Presidential candidate and South Carolina Sen. Lindsey Graham has "had it" with Donald Trump.
After Trump undermined the military service of Graham's longtime colleague Sen. John McCain, Graham had a clear message for his GOP rival.
"I don't care if he drops out. Stay in the race, just stop being a jackass," Graham said Tuesday on "CBS This Morning."
Graham, who recently retired from the Air Force reserve, said the attention surrounding Trump is "turning into a circus."
"I'm looking for him to be a responsible member of the 16-person primary and stop saying stuff like this," Graham said. "The world is falling apart. We're becoming Greece. The Ayatollah's on the verge of having a nuclear weapon, and you're slandering anybody and everybody to stay in the news. You know, run for president, but don't be the world's biggest jackass."
The controversy over Trump's comments started Saturday at the Iowa Family Leadership Summit when the billionaire said McCain, who was a prisoner of war in Vietnam for five and a half years, was "a war hero because he was captured." Trump was responding to McCain's comments last week when the Arizona senator said the real estate mogul "fired up the crazies" at a rally in Phoenix earlier in the month. Since then, the two have been exchanging insults through the media.
In a phone interview Monday with CBS News' Charlie Rose, Trump blamed the media for misinterpreting his comments.
"The problem is that the media takes it, Charlie, and they'll take a half sentence, they'll take one sentence instead of three sentences, and if you look at it that way it's different, but nothing was said wrong and that's the way we are and it became a story," Trump said.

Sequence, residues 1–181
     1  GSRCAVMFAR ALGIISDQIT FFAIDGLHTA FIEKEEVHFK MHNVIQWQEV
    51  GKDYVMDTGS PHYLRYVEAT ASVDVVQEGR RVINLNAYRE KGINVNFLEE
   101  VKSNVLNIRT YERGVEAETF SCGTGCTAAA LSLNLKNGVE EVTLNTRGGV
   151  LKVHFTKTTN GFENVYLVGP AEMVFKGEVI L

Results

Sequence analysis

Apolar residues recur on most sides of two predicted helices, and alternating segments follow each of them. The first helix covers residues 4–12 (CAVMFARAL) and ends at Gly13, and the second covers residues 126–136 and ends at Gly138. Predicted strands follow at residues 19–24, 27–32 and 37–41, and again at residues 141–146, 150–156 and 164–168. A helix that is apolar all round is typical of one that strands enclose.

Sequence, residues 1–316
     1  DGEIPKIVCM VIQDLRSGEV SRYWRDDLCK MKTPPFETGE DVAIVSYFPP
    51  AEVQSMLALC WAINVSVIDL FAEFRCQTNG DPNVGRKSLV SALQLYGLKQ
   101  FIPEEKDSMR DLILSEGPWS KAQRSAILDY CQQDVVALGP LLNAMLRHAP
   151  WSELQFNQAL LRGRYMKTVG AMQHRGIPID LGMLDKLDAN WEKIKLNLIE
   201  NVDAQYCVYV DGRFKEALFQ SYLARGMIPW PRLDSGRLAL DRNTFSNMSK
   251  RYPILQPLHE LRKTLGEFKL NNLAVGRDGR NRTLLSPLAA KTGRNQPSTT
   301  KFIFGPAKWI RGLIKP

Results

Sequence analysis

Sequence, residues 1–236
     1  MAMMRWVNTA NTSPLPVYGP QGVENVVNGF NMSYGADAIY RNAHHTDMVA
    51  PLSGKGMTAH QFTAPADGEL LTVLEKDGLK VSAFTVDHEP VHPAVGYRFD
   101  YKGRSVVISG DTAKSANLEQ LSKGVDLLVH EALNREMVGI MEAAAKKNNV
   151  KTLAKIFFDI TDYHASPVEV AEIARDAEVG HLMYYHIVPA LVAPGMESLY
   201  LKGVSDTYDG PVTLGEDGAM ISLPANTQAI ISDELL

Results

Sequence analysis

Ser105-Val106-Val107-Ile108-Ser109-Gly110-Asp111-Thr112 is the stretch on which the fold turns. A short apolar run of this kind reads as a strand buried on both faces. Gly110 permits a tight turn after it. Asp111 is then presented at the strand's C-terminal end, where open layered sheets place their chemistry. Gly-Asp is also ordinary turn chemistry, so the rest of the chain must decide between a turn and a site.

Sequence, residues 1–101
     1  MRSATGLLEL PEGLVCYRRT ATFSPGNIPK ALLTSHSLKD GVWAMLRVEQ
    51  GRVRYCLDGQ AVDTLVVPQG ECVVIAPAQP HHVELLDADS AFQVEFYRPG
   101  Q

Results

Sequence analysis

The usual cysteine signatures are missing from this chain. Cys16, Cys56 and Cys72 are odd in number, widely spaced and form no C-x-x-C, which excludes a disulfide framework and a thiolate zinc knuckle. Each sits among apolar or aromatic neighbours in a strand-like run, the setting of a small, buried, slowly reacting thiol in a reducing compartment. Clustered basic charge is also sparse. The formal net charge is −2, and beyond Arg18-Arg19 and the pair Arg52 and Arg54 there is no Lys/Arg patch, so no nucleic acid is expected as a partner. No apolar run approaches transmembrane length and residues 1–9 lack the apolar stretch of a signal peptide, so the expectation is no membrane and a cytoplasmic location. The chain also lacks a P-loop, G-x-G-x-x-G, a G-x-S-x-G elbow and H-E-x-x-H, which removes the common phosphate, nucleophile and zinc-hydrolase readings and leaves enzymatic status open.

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Still, Graham didn't take Trump's equivocating over his remarks as enough of an explanation.
"John's my friend. He's not a perfect person. He was tortured for five and a half years. When you ask Trump, 'Do you know what he went through in jail?' 'No, it doesn't matter.' Yeah, it does matter. It really does matter," Graham said.
While Trump is leading in polls among Republican candidates, Graham said Trump has now crossed a line with Americans that will not be tolerated.
"This is the beginning of the end of Donald Trump," Graham said.
On Tuesday, the Des Moines Register called for Trump to "pull the plug" on his presidential campaign, saying, "If he were merely a self-absorbed, B-list celebrity, his unchecked ego could be tolerated as a source of mild amusement. But he now wants to become president."
"It ends when the American people say, 'enough,'" Graham said.
Graham, who was with McCain at a New York town hall discussing the Iran nuclear deal, said the Trump sideshow is distracting from more pressing issues.
"The president went to the U.N. instead of his own Congress. That's a sign of weakness, disrespect and a bad deal. [Qasem] Soleimani, the head of the Quds Force that killed 500 Americans at least with copper-tipped IEDs has been taken off the sanctions list, and we can't talk about that because of Donald Trump," Graham said. "To the American people: This is a bad deal. It's going to lead to a nuclear arms race. Let's please move on to things that matter."
Graham went on to slam President Obama over the nuclear deal with Iran, which Congress has until Sept. 18 to review.
"He's the Neville Chamberlain of our time who believes that over the next 15 years, Iran is going to change their behavior, because this deal doesn't require them to do a damn thing in terms of changing their behavior," Graham said. "At the passage, at the end of 15 years, all inspections are lifted. Here's his bet. I don't think he's a bad man, I think he misunderstands the world and the Mideast."
Graham said he thinks there will be enough votes in Congress to override the presidential veto that President Obama threatened in his announcement.
"A 'no' vote ensures that the next president, whoever he or she may be, will have leverage. If Congressional sanctions are left in place, then the next president can get a better deal. We can get a better deal, we must get a better deal. A 'yes' vote takes the Congressional sanctions off the table. The next president has no leverage, and it's very bad for us and Israel," Graham said.